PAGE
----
5 Human Habits that Drive Cats Crazy

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5 Human Habits that Drive Cats Crazy

By Arden Moore, a certified dog and cat behaviorist with the International Association of Animal Behavior Consultants. Arden is an author, radio host, and writer for Pets Best, a cat insurance and dog insurance agency.

Often our feline roommates tolerate our follies and faux pas. But cats are candid creatures and can convey displeasure in our lack of feline etiquette without emitting a single mew. Here are five “pet peeves” and solutions to restore harmony with your cat:

1. Forced affection. Resist the temptation to burst through your front door, chase down your cat and engage in a big bear hug greeting. No surprise that most cats react by wiggling free and racing away. The more you try to force affection on cats, the less of it they want to give you.

Solution: Act more like a cat by being still and letting your cat seek you out for attention and affection.

2. Dirty litter boxes. Picture your home minus a clean bathroom and your only option is a pungent port-a-potty in your backyard. Disgusting, right? That’s how some cats feel who live with owners who are delinquent litter-box scoopers.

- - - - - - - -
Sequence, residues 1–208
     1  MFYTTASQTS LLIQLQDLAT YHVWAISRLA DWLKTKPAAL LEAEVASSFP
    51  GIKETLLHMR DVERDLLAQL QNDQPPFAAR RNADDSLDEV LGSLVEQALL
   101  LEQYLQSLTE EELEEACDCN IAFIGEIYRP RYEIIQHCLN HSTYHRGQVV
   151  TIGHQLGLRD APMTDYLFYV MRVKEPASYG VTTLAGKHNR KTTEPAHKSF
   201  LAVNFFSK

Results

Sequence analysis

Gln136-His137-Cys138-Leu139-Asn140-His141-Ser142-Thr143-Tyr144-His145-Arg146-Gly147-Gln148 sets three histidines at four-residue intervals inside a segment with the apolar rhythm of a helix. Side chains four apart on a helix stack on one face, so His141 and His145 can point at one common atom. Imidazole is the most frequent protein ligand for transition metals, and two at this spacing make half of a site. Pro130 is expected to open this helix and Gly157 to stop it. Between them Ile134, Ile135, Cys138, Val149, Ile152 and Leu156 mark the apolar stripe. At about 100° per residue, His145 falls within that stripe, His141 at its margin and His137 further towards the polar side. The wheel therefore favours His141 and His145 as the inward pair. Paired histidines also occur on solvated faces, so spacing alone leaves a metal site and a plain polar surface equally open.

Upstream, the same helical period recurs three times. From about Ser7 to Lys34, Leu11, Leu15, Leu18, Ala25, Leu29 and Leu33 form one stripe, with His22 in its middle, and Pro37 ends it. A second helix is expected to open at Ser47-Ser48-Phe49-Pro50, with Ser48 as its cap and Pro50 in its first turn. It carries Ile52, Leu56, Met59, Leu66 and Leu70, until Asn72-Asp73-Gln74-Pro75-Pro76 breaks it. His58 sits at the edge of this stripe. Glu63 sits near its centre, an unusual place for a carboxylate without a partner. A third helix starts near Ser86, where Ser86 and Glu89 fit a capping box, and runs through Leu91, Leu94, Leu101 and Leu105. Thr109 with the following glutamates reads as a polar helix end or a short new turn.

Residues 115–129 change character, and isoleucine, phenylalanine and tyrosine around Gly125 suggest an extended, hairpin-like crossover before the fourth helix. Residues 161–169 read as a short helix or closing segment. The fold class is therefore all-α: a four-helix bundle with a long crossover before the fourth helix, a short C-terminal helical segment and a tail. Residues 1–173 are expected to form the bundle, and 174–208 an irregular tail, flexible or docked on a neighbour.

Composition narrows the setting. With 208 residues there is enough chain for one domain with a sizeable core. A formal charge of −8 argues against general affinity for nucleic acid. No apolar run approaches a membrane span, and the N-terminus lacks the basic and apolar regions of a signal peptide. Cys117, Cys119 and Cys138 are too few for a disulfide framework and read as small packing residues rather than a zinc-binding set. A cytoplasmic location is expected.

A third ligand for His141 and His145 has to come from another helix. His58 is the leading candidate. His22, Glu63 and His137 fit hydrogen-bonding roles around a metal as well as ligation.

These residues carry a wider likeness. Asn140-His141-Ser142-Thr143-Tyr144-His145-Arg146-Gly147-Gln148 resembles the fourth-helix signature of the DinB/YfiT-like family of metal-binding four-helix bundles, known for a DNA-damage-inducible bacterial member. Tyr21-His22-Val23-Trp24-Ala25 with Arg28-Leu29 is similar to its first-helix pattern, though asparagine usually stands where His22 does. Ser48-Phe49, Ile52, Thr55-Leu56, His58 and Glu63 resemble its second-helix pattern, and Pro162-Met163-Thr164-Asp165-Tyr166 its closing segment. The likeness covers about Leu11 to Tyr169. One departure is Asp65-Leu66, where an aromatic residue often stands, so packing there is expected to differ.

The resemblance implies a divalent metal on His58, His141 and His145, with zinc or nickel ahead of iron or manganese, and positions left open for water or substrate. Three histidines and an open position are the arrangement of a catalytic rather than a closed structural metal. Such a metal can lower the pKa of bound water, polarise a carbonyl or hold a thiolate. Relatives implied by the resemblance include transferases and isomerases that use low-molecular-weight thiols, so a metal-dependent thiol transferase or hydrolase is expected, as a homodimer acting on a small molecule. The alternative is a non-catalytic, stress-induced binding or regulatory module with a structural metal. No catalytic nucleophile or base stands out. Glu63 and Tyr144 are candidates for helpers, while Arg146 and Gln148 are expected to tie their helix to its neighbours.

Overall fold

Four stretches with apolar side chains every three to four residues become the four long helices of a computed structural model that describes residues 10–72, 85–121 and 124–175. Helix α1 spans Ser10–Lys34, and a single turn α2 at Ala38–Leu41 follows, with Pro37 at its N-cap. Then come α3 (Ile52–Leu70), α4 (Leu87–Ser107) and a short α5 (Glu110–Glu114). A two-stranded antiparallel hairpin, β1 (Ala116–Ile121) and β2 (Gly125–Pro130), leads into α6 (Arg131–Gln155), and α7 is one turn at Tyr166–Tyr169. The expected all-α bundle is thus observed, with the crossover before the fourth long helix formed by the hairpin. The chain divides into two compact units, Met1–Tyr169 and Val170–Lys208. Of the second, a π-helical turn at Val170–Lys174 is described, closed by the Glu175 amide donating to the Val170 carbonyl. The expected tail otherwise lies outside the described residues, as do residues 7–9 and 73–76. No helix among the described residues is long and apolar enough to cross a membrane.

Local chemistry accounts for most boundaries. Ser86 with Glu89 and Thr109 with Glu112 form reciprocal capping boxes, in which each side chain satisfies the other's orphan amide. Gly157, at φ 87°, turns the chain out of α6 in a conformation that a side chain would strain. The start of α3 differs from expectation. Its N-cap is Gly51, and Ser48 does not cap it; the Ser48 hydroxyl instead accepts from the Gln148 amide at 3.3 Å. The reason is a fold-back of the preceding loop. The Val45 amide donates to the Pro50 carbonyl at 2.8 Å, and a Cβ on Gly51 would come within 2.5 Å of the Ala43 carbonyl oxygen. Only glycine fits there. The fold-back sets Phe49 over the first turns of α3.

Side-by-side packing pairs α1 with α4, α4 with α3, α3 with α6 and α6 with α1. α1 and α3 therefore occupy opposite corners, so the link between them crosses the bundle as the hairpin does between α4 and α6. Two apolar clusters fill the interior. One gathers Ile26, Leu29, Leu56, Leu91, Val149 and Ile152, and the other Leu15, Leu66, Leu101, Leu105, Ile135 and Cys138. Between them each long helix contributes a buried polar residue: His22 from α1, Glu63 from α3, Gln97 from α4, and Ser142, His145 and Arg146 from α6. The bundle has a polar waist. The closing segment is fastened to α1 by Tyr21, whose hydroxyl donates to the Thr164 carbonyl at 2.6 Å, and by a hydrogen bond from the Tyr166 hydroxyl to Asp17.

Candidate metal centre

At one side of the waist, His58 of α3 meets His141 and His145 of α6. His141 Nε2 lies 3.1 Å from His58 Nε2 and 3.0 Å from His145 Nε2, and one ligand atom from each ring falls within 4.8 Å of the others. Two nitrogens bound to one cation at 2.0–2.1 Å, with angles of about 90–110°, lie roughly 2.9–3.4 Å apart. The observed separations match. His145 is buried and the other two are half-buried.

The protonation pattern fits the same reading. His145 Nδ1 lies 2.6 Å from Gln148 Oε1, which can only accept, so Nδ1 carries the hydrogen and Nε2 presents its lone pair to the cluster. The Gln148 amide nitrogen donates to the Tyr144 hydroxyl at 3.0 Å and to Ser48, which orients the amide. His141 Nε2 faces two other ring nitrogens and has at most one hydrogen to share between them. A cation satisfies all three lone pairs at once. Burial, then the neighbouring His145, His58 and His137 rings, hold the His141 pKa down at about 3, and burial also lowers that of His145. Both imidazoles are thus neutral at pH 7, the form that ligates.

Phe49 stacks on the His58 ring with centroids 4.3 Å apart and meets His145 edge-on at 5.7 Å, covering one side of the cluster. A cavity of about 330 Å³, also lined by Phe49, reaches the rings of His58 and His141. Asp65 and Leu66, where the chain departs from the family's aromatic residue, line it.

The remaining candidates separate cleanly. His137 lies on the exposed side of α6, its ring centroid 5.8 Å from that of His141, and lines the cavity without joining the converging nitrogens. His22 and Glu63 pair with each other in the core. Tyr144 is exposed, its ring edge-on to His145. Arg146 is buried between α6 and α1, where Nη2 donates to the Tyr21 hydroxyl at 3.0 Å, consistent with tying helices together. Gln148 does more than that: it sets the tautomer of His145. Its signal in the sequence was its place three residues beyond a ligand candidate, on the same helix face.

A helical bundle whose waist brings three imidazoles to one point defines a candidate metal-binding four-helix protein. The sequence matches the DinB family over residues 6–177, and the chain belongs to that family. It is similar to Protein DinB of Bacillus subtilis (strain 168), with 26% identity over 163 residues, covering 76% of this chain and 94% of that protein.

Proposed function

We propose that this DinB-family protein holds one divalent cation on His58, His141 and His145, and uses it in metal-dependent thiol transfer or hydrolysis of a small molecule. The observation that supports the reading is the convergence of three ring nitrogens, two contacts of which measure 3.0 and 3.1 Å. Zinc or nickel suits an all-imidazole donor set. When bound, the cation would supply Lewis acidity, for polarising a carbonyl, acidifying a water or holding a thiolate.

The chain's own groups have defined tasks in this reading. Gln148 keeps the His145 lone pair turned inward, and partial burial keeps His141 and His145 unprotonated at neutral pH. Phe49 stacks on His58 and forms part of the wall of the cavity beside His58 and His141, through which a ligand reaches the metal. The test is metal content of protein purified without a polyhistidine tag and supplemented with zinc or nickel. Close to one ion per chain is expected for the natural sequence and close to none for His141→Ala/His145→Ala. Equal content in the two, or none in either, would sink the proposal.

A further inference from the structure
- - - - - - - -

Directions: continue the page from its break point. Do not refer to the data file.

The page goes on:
Solution: Win over your cat by scooping out the litter deposits daily and by cleaning the litter box weekly. Also nix the use of perfume-scented litter.

3. Blaring music. Your napping cat is rudely jarred awake when you crank up the volume on your stereo to hear your favorite song. Feline ears are much more sensitive than human ears. Their cone-shaped ears capture more sound.

Solution: For your cat’s sake, turn down the volume or wear headphones when you want to blare music. Or opt for classical music or jazz. Cats seem to prefer these rhythmical genres.

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4. Tardy feedings. Cats are creatures of habit. They want to be fed at regular hours. If you get up and immediately feed your cat each morning, she gets into a routine and starts to expect to be fed within minutes of your waking up. If you delay, you can have one really upset cat.

Solution:  Stick with a regular feeding schedule that you can realistically maintain. Re-set your cat’s body feeding clock by feeding her breakfast after you shower and dress.

5. The 3 C’s of Concern: the carrier, the car and the veterinary clinic. Unlike dogs, cats prefer to be homebodies. Usually the only time cats are in crates is when they must go someplace they perceive to be unpleasant – like the veterinary clinic. Also, some cats suffer from motion sickness during car rides. Solution:  Convert your carrier into a place of comfort for your cat by placing a comfy towel or bedding inside. Improve its appeal to your cat by locating it in a favorite feline napping spot in your home and keeping its door open. Occasionally place treats inside the carrier for your cat to find and enjoy. During car rides, tune the radio to a jazz or blues station at low volume and try to avoid sudden, jarring stops. Finally, consider the option of hiring a veterinarian who makes house calls.

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